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In his 1999 account of his career as an NFL referee, Jerry Markbreit described how as a first-year official he got into the habit of attending Catholic mass. The head of his officiating crew, Tommy Bell, caught him off guard when he "broached a subject that was to affect me deeply as a person and forever alter my professional routine. He said, 'Jerry, I know you're Jewish, but this crew goes to Catholic church before every game. I'm a Baptist and I've been going for the last fifteen years. We think of it as something that draws us together. But you're certainly not obligated to go. Everyone will understand.' I had no idea how to react. I said, "Does everybody go?" He said, 'Yes.' 'Well, I'm going, too.' When we parted, I thought, 'Are you crazy, Jerry?'
"The next morning, when we arrived at church, I felt very awkward. I'd never been in one before. I walked inside, and boy, I had this terrible, almost sacrilegious feeling that maybe the walls would topple down on me for being there. We sat together in the pew and, when the Mass started, they all kneeled on the kneeling boards. I was afraid to do it. I just sat there thinking: 'Is this what it takes to be an NFL official? I can't do this. Why am I here?' Then I realized that not everybody on the crew was Catholic, but they were here, so it must be okay. I decided I would just say my own prayers, like in temple, and God would certainly understand. Even though I was in a Catholic church, I was praying Jewish."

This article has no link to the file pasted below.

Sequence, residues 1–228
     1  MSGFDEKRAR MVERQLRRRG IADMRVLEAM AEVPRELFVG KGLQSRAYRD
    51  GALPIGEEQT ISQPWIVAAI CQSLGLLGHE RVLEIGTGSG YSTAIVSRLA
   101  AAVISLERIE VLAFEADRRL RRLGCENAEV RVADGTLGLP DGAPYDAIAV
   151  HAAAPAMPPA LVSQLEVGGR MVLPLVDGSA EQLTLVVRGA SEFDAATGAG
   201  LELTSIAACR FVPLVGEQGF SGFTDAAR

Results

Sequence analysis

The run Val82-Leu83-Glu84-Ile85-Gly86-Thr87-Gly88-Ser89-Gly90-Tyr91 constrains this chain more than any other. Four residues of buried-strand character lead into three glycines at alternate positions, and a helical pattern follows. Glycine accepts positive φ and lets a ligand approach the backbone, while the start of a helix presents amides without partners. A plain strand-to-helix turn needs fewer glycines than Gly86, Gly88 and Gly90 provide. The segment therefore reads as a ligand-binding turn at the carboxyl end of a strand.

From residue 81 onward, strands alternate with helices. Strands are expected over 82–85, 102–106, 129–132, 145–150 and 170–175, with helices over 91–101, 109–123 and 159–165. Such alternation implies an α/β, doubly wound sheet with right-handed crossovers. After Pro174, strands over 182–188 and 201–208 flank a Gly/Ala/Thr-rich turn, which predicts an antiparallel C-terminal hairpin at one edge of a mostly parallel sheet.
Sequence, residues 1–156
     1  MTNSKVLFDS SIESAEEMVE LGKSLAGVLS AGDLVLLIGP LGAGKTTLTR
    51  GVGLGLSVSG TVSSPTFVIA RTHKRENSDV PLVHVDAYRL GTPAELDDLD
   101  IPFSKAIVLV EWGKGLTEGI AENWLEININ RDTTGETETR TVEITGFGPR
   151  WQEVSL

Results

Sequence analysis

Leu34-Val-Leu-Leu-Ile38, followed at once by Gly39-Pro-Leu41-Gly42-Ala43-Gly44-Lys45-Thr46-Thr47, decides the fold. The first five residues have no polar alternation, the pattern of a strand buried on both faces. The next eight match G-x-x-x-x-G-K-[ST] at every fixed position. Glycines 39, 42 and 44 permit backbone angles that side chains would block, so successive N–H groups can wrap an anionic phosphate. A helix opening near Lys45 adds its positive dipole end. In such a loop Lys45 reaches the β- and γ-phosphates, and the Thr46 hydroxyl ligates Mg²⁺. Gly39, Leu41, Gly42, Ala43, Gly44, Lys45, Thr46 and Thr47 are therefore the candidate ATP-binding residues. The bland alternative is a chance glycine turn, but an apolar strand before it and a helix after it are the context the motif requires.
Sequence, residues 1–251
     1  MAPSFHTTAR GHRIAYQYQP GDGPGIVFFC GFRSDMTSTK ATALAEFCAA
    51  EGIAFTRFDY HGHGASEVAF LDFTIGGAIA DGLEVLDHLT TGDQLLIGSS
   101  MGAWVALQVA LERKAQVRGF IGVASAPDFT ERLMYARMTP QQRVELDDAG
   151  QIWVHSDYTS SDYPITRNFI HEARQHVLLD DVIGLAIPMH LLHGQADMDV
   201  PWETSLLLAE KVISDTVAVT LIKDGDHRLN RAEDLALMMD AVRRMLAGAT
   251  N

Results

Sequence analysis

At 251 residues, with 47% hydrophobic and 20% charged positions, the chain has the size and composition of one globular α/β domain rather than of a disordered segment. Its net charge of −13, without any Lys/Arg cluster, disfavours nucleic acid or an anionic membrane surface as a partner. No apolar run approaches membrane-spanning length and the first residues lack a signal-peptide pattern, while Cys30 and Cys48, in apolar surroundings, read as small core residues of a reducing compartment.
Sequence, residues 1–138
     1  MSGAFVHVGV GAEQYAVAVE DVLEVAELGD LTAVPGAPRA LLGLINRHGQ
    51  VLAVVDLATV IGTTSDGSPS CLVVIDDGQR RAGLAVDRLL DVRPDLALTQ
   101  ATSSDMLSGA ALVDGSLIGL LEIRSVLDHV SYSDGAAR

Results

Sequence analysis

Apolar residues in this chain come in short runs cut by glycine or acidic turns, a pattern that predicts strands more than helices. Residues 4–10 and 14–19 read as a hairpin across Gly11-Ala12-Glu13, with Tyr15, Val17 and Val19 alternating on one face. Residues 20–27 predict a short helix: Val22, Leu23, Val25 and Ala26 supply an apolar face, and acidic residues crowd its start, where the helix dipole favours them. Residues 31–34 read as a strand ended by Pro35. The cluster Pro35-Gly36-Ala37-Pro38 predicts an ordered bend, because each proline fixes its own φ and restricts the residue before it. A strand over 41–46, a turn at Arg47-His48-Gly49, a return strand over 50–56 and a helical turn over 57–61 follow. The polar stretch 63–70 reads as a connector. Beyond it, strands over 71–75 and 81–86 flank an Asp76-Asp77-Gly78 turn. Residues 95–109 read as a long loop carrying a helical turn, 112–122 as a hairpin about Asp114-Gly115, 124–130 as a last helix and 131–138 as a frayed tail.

"After the service, as we filed to the doors, the Catholic members dipped their fingers in the holy water and made little signs of the cross on their foreheads. I thought: 'What do I do? Should I make the sign of the Jewish star? Then (another member of our crew) came over.....and said, 'We know that you're Jewish, but this has nothing to do with religion. This is togetherness. We've been doing this for years, and we're very proud that you would do it with us.'
"I had attended church with them because I wanted to fit in. I didn't want these guys to feel burdened with a rookie. I wanted them to be happy that the league put me on their crew....I didn't want to be the nebechel little shlepperdik who comes on a crew and doesn't know his tochis from a hole in the ground."
From Last Call: Memoirs of an NFL Referee, by Jerry Markbreit, published by Sports Publishing Inc. Reprinted with permission.
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